Inside you can see the bed he slept in and many artifacts from his childhood.
Then you’ll head over to the stadium which Ceaușescu built for his favourite football team, big enough to hold the entire population of the town several times over! The local side still play here, but sadly now that other teams aren’t afraid of beating them they’re no longer in the ‘A’ Division.
Drive to Târgoviște (121 km / 2 hrs)
You’ll see a “Vulture” fighter plane parked up at the roadside. This Romanian-built plane is from the period when Ceaușescu wanted to avoid dependence on any foreign country including the Soviet
Union, and aimed for Romania to be self-sufficient.
After lunch you’ll visit the location where the Ceaușescus were put on trial, preserved exactly as it was in those famous grainy TV shots from Christmas 1989.
Then you’ll head out back to the spot where they were executed. The original bullet holes are still clearly visible in the wall.
We’ll then explore of the castles of Vlad the Impaler in Targoviste, better known as Dracula, he ruled Wallachia from this castle in the 1400’s and was infamous for brutally impaling his enemies by the tens of thousands, sometimes even around his dinner table.
Drive to Doftana (60 km / 1.5 hrs)
We’ll check into a beautiful mountain lodge deep in the mountains of Wallachia. Where we’ll enjoy some beers overlooking the scenery or you can explore one of the many hiking trails around, but watch out for bears!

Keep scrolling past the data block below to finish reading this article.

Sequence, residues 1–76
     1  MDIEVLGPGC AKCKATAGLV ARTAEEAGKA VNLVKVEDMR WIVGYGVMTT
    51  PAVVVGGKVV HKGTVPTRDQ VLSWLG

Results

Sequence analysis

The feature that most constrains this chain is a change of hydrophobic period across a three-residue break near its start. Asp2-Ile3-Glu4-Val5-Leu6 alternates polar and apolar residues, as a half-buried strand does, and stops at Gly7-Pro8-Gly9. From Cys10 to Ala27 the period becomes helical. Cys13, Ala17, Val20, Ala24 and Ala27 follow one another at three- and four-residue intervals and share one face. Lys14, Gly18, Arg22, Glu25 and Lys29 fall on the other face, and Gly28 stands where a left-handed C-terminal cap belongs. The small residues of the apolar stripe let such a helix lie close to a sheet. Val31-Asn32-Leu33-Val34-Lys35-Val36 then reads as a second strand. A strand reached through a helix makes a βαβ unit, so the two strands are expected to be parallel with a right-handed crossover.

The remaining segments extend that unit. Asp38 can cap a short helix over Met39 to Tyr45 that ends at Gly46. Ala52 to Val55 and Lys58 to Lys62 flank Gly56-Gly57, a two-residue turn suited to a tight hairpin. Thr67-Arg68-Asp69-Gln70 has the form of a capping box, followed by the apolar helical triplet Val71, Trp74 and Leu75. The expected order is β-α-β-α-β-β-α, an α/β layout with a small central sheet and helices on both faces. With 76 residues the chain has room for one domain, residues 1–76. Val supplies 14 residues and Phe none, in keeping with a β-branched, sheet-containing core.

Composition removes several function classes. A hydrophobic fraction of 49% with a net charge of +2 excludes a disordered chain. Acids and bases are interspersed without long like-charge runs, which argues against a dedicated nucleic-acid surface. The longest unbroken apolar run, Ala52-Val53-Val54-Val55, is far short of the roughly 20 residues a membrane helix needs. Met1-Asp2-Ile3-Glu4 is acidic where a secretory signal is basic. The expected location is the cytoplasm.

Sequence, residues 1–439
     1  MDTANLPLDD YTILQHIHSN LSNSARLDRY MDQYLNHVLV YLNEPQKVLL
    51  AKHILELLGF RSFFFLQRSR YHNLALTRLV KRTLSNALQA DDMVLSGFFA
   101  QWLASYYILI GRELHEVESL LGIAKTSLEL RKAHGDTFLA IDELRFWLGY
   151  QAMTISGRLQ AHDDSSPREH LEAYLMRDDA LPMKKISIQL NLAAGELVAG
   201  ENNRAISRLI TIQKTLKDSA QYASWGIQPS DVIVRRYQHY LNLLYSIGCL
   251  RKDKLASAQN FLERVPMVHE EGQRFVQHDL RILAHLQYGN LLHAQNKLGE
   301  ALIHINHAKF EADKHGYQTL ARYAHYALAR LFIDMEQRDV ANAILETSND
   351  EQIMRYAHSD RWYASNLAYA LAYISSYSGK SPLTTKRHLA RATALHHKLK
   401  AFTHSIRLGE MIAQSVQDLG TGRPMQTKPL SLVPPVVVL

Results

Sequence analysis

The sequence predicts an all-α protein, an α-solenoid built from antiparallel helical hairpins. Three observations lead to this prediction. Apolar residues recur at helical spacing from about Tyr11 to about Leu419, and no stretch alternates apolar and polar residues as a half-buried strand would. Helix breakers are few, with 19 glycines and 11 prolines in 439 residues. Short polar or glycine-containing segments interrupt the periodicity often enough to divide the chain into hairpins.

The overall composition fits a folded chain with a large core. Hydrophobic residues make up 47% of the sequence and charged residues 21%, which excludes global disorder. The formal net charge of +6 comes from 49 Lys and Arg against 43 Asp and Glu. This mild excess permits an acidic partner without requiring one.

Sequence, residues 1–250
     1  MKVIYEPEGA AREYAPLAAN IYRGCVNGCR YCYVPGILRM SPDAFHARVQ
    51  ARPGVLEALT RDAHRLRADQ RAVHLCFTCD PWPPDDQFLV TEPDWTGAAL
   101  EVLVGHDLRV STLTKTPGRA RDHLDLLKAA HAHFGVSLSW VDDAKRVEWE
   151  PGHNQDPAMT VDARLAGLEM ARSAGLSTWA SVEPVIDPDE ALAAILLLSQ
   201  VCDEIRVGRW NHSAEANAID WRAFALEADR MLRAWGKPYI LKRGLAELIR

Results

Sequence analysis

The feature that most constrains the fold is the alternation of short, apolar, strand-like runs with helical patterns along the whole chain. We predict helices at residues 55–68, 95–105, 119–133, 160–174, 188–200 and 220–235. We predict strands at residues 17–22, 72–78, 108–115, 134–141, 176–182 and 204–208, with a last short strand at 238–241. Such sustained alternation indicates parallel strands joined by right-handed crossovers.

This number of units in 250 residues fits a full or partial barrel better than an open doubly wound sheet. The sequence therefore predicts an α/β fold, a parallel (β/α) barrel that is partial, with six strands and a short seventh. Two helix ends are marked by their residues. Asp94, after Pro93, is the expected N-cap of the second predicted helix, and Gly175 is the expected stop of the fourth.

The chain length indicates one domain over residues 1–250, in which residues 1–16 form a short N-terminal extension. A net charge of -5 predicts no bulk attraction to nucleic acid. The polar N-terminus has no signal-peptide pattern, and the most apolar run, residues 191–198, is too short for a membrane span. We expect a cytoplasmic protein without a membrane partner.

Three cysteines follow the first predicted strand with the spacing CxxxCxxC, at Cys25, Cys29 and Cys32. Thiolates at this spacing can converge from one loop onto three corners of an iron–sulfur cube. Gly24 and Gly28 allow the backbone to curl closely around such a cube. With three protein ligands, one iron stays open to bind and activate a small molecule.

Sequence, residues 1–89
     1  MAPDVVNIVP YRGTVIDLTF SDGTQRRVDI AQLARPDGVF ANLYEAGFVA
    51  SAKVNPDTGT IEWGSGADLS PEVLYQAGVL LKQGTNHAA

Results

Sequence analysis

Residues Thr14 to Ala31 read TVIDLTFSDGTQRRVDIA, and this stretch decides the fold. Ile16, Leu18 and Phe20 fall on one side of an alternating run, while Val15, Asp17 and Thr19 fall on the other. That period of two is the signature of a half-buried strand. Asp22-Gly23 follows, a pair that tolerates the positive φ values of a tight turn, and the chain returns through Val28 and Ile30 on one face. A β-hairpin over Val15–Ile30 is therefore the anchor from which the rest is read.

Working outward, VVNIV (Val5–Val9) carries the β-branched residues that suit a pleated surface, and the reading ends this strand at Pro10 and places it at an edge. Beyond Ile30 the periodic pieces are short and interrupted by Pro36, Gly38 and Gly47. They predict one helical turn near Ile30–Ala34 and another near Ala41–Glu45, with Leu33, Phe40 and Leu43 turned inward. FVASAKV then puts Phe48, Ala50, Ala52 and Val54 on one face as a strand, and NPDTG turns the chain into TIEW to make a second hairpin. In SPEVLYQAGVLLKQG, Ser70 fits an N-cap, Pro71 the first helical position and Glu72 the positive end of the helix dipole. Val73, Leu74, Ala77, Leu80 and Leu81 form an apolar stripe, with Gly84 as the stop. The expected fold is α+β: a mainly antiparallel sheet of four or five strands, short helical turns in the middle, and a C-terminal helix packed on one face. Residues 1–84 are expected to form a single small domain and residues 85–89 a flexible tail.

Overnight in Doftana.
Sunday 20th March – Doftana/Cluj Napoca
After breakfast, we’ll check out Doftana prison. Also referred to as the Romanian Bastille or the Romanian Papillon, this is where Ceaușescu and other future prominent Communist party members were locked up. Prisoners produced a newspaper by hand using paper slips and smuggled pencils. It went under different names such as Doftana Red and Bolsheviks Handcuffed. Not only Romanian communists were imprisoned here, also captured German and Soviet soldiers and Hungarian civilians.
The prison is not open to the public, but we’ll try and sneak in to have a look inside anyway!
We’ll then take the long drive to Cluj Napoca (5 hours) and meet our guide who will take us into Hoia-Baciu forest, known as ‘’the Bermuda triangle of Romania’’ and named after a shepherd and his 200 strong flock of sheep who vanished in the forest, this is classed as one of the darkest, most haunted places in the world.
Named after a shepherd who went missing in the forest with a flock of 200 sheep, Hoia Baciu came to international attention in 1968 when Emil Barnea, a military technician, photographed what he claimed was a UFO hovering over The Clearing. What differentiates this story from other UFO claims is that Barnea had nothing to gain from reporting the sighting, and everything to lose. The Communist government equated a belief in the paranormal with madness and state-sabotage, and Barnea lost his job in a country which had no support for the sacked.
Visitors to the area have reported bizarre symptoms such as nausea, anxiety, the feeling of being watched and electronic devices completely jamming or failing.
Overnight in Cluj Napoca
Monday 21st March
After breakfast we drive back to Bucharest, but not before indulging in some vampire sights on the way!
We’ll drive to Bran Castle (around 4:30 hour drive) and check out the eerie castle which was the inspiration for Bram Stoker’s Dracula.
The castle bursts out of a rocky outcrop. Here, you can check out rooms dedicated to Transylvania’s most infamous man and see vampire kitch such as a hidden staircase, ancient torture devices, and a glass elevator known as “Dracula’s escape route”.
Afterwards we’ll grab lunch and drive back to Bucharest (185 km / 2.5 hrs)
We will finish up at the main train station or we can drop you off at the airport if you have an onward flight.